It’s unusual I actually do anything I say I’m going to, but I’ve just read a novel by Wang Xiaobo.
I’m quite impressed by this, as it’s usually the case that I get halfway through Chinese novels and then just give up. I tried 活着 (filmed as To Live) but found it really quite dull. I gave up around the part it seemed the guy’s life couldn’t get any worse (although that describes most of the book.) I’m entirely sure this is due to my failure to understand / appreciate the book, but that didn’t make it any more interesting.
Wang Xiaobo’s 黄金时代 (Golden Years) though, kept me reading. One of the things I liked about it is that at around 30,000 characters, it’s quite short. Brevity is a virtue in all writing, and in Chinese writing I find it a positive blessing. It gives me less opportunity to give up.
Probably the single largest factor in my finding Wang Xiaobo readable is that he is funny. The images and phrases reflect the absurdity of the time – the book tells the tale of Wang Er, a twenty-one year old Beijinger sent to Yunnan during the Cultural Revolution – bringing us both a laugh and a touch of the surreal. He does this right from the start . . .
One day she came down from the mountains, to talk with me about how she wasn’t a slut.
I’ve often thought that the Chinese sense of humor, once you get past crosstalk and into day-to-day banter, is very similar to the British. I think this is particularly true here.
All the needles in our clinic were losing their plating, and some were even hooked and would pull chunks of my flesh out. My waist wound up scarred, like I’d been peppered with grapeshot. And so I thought of Chen Qingyang, the medic with the 15th production team – she was a Beijing University Medical School graduate, and could presumably tell the difference between a needle and a hook.
Our narrator – the lanky, horny Wang Er – is eminently likeable as he copes as best he can with the the randomness of the Cultural Revolution and women.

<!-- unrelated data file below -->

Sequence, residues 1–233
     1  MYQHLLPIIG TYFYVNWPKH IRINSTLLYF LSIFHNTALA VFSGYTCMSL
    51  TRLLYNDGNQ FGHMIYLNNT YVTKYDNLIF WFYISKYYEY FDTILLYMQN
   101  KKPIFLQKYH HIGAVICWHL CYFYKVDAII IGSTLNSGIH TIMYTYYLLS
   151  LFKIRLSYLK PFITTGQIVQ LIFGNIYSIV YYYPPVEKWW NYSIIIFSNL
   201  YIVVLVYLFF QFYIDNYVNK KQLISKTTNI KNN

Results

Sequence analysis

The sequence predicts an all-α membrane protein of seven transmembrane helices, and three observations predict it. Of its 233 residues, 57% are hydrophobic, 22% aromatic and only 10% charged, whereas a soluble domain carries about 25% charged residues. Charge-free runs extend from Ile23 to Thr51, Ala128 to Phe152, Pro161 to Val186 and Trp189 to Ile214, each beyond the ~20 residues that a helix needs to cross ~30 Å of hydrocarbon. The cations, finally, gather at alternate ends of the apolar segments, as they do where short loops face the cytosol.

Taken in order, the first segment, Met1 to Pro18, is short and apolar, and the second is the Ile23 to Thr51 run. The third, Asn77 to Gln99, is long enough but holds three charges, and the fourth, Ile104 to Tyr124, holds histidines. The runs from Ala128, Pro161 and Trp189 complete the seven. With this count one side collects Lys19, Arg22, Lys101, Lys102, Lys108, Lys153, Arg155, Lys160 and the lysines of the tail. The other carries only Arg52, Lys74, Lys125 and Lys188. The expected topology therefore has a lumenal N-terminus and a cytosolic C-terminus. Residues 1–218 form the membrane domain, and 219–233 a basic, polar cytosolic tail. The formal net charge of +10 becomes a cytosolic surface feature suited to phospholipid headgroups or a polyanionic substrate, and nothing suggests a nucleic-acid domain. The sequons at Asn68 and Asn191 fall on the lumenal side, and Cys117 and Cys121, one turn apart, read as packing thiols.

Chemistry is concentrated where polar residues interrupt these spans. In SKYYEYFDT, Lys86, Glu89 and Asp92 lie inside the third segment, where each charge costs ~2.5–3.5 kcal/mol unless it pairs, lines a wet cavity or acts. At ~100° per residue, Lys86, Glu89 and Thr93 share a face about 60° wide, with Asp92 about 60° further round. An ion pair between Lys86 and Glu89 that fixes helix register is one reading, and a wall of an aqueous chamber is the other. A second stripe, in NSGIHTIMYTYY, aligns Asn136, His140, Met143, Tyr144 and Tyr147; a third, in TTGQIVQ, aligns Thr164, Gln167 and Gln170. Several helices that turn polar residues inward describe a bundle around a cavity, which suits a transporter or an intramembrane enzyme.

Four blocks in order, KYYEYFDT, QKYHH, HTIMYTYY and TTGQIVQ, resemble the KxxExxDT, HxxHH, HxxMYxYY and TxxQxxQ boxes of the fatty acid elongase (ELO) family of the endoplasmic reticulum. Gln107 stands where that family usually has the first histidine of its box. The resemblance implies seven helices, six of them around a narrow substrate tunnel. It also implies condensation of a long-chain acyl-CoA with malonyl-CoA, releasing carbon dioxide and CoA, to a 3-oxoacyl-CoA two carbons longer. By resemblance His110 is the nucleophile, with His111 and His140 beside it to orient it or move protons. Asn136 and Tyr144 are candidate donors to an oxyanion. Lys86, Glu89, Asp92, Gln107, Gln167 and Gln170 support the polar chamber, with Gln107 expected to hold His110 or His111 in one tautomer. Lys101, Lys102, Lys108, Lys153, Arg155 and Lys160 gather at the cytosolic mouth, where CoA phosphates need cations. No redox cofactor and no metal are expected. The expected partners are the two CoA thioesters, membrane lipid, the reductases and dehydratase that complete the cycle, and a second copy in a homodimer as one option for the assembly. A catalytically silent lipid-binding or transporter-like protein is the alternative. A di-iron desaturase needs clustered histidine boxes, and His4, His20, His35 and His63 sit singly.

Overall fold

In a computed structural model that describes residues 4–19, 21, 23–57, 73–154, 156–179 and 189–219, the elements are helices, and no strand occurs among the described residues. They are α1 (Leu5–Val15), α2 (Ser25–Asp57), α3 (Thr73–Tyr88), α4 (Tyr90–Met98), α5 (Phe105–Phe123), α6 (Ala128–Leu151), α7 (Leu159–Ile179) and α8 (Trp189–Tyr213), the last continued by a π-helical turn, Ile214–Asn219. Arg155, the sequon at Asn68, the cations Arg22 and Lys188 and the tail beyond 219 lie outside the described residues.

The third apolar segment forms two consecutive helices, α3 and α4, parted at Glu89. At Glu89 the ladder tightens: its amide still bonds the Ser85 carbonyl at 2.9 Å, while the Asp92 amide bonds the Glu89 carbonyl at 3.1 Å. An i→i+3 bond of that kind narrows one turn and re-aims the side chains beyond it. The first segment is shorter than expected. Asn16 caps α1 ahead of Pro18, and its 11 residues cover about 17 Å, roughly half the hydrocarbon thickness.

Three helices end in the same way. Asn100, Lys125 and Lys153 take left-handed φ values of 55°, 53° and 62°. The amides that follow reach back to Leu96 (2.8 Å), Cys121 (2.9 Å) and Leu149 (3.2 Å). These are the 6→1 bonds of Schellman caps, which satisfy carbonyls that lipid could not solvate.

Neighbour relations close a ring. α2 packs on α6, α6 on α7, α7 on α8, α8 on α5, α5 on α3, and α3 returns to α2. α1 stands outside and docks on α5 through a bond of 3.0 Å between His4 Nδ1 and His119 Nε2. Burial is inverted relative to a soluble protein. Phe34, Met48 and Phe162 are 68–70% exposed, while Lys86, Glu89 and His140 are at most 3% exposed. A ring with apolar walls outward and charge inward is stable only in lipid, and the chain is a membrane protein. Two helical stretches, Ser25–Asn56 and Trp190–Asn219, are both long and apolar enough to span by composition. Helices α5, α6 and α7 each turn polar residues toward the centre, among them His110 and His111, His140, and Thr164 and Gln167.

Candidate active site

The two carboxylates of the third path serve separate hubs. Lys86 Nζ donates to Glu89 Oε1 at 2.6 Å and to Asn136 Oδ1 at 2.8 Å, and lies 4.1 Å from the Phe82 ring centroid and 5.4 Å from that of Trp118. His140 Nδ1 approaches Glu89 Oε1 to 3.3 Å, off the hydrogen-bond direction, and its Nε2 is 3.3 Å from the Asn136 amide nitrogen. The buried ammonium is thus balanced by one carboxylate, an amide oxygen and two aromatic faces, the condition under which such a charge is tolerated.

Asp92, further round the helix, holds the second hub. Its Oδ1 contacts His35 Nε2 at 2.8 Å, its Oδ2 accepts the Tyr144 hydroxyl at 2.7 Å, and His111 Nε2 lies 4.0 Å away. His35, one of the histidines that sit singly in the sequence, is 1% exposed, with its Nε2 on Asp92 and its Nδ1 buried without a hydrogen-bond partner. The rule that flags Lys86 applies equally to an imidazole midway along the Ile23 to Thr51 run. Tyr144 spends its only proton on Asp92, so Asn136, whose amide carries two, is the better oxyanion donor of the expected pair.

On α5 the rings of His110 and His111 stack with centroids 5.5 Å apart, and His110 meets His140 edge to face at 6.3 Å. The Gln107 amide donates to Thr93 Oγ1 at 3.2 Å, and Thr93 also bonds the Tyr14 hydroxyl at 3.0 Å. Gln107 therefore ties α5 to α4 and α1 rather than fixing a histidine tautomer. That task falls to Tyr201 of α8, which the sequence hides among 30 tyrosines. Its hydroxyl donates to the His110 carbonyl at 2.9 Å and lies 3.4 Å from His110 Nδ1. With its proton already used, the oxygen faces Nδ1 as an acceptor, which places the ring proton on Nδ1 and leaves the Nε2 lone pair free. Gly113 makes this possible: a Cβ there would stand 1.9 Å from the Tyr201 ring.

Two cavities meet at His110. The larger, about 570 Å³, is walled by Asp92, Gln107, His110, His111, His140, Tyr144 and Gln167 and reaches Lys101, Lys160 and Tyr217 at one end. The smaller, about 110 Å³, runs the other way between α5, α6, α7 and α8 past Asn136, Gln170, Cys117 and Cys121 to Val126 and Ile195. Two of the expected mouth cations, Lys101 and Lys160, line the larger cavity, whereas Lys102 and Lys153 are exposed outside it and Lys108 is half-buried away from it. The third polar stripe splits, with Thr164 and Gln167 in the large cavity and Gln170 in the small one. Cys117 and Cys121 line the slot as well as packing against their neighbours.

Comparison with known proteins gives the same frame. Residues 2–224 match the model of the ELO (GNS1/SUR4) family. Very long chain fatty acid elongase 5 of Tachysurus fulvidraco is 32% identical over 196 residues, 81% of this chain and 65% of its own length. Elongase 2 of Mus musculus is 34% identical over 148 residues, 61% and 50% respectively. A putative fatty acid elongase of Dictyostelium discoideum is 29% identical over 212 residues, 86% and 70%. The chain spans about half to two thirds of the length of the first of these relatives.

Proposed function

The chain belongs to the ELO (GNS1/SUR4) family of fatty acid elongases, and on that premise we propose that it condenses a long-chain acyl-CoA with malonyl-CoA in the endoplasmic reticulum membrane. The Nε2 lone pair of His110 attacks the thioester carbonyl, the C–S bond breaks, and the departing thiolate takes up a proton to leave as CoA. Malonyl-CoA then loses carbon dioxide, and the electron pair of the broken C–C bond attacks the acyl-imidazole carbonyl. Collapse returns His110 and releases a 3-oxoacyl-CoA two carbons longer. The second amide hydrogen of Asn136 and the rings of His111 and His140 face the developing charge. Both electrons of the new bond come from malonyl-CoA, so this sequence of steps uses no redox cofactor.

My not existing was great for the leaders, as it would prove that one of their young intellectuals hadn’t been beaten. And as for myself, existing or existing didn’t really matter.
“Hey! Do you know what you’re doing?”
“Of course. Could I get you to move over a bit? I need to get some light to see how it all works.”
There was a huge clap, like thunder by my ear. She’d slapped me. I jumped up, grabbed my clothes and ran.
Towards the end of the book Wang Er and Chen Qingyang are struggled against and forced to write self-criticisms. Although even this is approached with humor – the leaders slaver over their self-criticisms of their sexual misdemeanors – it is worth remembering that this did really happen – it is not just comedy, it’s history, and it wasn’t a little bit funny.
It is frustrating that when reading literature in a foreign language, you can’t be sure you’ve understood everything. I think I did a fairly good job with this novel though, and I’m going to continue with Wang Xiaobo, as there’s plenty of stuff to read and he seems to have been kind enough not to write anything too long. I’m delighted to have found a Chinese author I can both understand and enjoy.